To turn the recess in the wheel face, use a round nose tool with sufficient overhang or a boring tool. Treat each wheel in turn noting the cross-slide setting for the first one and working to the same measurements. You have now finished with the mandrel for this set of wheels. Remove it from the chuck. You may use it again with a fresh stub axle for the pony wheels.

Take a wheel, mount it in the chuck gripped by the tread, with the flange pressed hard against the jaws. Face off the back of the wheel until the flange is 1.5 mm thick. Note the setting on the top slide. I usually lock the saddle traverse and use the top slide to ensure that all the wheels finish to the same flange thickness. Before removing the wheel from the chuck, use a file to create a slight bevel at the flange. As before repeat with each wheel in turn.

 

I usually secure my wheels to the axles with 8 BA grub screws. A 1.8 mm hole is drilled through the wheel boss into the axle hole and tapped 8 BA. If I am certain that I will not want to move the wheels at some later date, I also drill a 1 mm hole and secure a pin through the wheel and axle with Loctite. Alternatively, drill two 8 BA holes and use two grub screws for each wheel. This model is capable of changing gauge, and therefore you may not wish to secure the wheels on the axles permanently. However, as the frame axle bushes are removable it is possible to remove the complete wheelset and replace with a different gauge.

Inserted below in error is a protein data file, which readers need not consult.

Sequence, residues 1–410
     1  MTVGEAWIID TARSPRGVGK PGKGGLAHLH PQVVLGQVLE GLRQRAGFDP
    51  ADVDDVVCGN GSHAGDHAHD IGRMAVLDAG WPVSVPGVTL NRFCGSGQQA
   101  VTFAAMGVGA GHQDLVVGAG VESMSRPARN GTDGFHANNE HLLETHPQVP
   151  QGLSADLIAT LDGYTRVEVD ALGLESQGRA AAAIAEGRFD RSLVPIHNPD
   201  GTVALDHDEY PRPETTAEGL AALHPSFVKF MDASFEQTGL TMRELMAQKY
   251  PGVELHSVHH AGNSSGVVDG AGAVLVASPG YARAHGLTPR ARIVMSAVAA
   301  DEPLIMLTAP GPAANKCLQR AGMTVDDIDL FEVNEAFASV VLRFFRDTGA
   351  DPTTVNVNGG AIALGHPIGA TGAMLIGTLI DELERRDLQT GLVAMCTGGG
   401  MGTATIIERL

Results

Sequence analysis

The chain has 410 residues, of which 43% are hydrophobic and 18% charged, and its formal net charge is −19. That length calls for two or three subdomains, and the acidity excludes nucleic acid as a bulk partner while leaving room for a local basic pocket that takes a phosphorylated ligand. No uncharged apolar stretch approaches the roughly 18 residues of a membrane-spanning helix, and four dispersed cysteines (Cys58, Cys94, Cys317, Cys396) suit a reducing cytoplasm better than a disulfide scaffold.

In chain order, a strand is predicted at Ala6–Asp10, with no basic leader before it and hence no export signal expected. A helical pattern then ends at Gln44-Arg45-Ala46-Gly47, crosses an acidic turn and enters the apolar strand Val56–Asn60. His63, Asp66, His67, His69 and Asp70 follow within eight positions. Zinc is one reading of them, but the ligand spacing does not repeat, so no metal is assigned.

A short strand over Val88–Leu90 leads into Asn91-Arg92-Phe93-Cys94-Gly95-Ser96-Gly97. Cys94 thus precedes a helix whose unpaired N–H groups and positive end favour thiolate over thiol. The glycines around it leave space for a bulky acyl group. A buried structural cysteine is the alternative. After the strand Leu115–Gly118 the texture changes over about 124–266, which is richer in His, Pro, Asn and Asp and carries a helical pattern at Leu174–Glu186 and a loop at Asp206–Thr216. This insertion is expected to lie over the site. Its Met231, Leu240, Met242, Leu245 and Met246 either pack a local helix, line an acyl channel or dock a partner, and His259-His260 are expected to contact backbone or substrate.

2. Axles

The axles are cut from silver steel rod of appropriate size. A small centre pop in the end of each axle has a nice effect and may be useful to check the coupling rod dimensions. You may leave the axles overlong until the cranks are made and then by fitting the crank to the axle and adjusting to allow free rotation in the axle bushes, the finished length can be marked and cut to size.

 

3. Cranks

 

 

The cranks are cut from 6.4 mm (1/4") mild steel bar. To ensure that all the cranks have an equal throw, we need to make a jig for drilling the crankpin holes. This is shown on the drawing, made from a piece of 10 mm by 4.5 mm mild steel. A short piece of axle steel is fixed into this (make the hole a push fit) and a 3.2 mm hole (see note below re: 3.1 mm) drilled at the crank throw dimension. The jig should preferably be case-hardened by heating to red heat, dipping in 'Kasenit' and quenching in cold water. However, if you are only going to drill 4 cranks with it you can probably get away without hardening it.